Julia and her daughter Nastya were observing it from the opposite sides of the table—”The Botticelli Venus who sold her hair to buy a pair of jeans and a tee, and Leonardo’s goldilocks angel”, as they were called by Klara, an artist, their friend. In about five minutes a gorgeous New Year tree was standing in front of them.

“My best idea ever”, Julia said. “Much unlike that lame decision to send you to a mixed school. Well, do you want to tell me more about your crush?”

“Wanna ask. Who can marry a boy?”

“Only women with immaculate genes.”

“Do I have maculate ones?”

“You will get tested later in life to find out.”

“This boy, Misha, has a younger brother. Cute one. I held him.”

No idea what to say? Find some work for your hands. Julia picked up a tangled set of fairy lights and started to puzzle it out. Nastya took a sheet of paper and began to fold it to make a snowflake.

“To raise kids, it is not necessary to marry a man and move into Gene Pool Square. Sveta and I wanted a baby and adopted you.”

“But why could you not, like Misha’s mom? You know . . . .”

“Give birth to our own children? As for Sveta, ask her yourself. And I have poor eyesight. My kids would have got my nearsighted eyes.”

“I would like to have eyes like yours. Blue ones with orange halos around the pupils. Your eyes look like eclipses of suns.”

“Thanks. But my eyesight is poor. And yours is fine.”

“But don’t you feel . . . deprived?”

“What a wording! That’s my girl.”

“I am serious, you know!” was the indignant answer. “It does not seem just.”

The unraveled set of colored lamps was lying on Julia’s lap like a long wreath of flowers with tight small buds and dry wiry stalks. Julia rubbed her temples.

“I never thought you would grow up so fast,” she said. “Sunshine, this system is ages old already. And it was not invented by a single person. When people think together, it is harder for them to make mistakes. For instance, look at our New Year tree. The idea is mine, but I am a writer, not an engineer, and my tree was just letters on a screen. And engineers . . . .”

“American ones, Mom. Why not ours?”

“Now, is that good talk for a holiday? Let us discuss it later. I need to think of the right answers. For now, let us decorate this tree. Sveta will be glad to see it when she comes from work.”

Julia opened a yellow cubic box and produced from it an indigo bauble with lemon yellow dots and golden hanging loop. She gave it to her daughter. The girl examined it carefully, kissed it and hung it on the most prominent branch of the tree.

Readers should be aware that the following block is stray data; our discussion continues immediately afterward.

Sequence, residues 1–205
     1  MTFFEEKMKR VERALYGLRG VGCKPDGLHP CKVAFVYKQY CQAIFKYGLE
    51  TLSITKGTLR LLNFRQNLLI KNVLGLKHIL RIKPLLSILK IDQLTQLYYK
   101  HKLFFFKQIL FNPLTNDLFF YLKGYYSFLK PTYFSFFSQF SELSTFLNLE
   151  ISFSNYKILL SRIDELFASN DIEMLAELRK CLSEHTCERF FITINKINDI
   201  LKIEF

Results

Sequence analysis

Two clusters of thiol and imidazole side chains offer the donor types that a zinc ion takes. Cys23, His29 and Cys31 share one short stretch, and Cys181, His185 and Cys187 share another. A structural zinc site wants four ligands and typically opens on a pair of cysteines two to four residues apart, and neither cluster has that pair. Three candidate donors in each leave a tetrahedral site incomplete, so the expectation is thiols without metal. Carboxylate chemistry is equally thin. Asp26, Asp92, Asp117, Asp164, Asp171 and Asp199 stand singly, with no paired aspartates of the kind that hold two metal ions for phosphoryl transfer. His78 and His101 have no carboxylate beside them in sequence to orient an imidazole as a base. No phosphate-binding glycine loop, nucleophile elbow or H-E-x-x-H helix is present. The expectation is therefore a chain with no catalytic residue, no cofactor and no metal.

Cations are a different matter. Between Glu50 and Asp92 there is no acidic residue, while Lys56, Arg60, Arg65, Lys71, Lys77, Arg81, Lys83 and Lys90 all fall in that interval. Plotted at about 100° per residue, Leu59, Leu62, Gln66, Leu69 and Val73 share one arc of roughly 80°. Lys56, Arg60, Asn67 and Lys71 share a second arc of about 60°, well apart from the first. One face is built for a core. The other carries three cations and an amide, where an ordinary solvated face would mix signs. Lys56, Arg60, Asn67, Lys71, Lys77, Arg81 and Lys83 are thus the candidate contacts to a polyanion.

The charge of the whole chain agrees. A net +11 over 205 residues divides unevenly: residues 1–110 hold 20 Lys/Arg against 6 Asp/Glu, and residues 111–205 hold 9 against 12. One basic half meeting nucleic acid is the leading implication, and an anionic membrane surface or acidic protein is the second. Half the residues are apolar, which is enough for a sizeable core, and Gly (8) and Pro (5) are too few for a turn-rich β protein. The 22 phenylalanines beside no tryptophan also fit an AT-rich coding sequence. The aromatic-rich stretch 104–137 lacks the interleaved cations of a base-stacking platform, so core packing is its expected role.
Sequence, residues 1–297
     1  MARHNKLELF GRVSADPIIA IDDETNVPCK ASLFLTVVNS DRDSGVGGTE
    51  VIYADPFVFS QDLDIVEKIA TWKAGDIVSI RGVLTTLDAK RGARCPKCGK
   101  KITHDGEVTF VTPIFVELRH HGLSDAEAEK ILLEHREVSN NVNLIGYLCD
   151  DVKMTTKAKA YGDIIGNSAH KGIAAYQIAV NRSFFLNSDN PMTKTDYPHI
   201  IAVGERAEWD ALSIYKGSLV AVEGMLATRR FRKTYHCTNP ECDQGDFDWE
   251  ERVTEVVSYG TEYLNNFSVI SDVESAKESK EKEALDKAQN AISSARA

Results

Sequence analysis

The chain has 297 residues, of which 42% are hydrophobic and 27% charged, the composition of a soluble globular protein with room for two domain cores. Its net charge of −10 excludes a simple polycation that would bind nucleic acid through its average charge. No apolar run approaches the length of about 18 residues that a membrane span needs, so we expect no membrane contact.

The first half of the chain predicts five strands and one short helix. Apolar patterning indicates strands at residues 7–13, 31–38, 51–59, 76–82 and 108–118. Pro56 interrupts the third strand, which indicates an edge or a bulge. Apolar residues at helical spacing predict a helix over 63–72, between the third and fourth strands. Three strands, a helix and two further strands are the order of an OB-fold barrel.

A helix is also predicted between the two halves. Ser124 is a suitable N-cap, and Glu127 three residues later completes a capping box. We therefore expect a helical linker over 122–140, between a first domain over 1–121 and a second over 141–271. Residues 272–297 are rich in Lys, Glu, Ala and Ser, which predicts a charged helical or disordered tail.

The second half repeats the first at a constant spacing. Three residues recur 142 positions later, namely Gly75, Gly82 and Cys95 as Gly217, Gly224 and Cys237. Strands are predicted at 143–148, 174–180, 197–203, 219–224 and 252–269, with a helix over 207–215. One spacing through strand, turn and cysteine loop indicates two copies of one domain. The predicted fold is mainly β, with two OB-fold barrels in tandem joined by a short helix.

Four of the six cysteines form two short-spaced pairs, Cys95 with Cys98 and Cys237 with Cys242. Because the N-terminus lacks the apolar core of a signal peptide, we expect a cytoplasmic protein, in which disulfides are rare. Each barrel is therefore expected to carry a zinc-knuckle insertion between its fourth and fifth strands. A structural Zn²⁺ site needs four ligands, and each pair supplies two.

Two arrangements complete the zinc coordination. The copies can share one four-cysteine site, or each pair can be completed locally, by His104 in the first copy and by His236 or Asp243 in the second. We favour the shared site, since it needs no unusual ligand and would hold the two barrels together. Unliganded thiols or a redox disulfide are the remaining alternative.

We seed culture everywhere, but nobody seems to care,” Kira sang.

The second line was sung an octave lower.

“New song?” Sveta poured more wine into her friend’s glass. A beaded bracelet on Sveta’s slender wrist sparkled in the candlelight.

“Improvisation. Themed on yesterday’s events.”

“What kind of events?”

“Got myself a new student in the Pool. Rita. Five kids, can you imagine? I even agreed to go to her place, because there is no way she can get to mine.”

“What’s she like?” Sveta asked. From the tone of her voice and the look of her shiny hazel eyes it was clear she was genuinely interested.

“She is good. But the atmosphere . . . . We went there with Klara. She is drawing Rita and her baby for a picture. Madonna thing, you know. We went to a café after the lesson. We were eating and talking. Then a waitress came and told us: ‘Your conduct is obscene, stop it or I will have to make you go.’”

“But what were you doing?” Sveta asked, her warm, low voice sounding slightly amused.

“Nothing. I was telling about my first girlfriend. Under my breath. Some pregnant skirt was sitting next to us and left after a while with sour face. She must have ratted when she was walking past the kitchen.”

“Well, I can understand her,” Klara said. “She probably never heard anything like that.”

“So what?” Kira asked. “Is she afraid to give birth to something unnatural now? She should have asked me; I would have told her that sexual orientation is not transmitted to a fetus from its mother through her ears.”

“Why do you even care?” Klara stroked her wife’s shoulder. A strand of Klara’s blonde hair she’d thrown behind her back slipped forward, into her wine glass, and became pink at the tip. “I think you should drop this new student Rita. I do not want you to get so upset every time. You will find a new one in the Gyn.”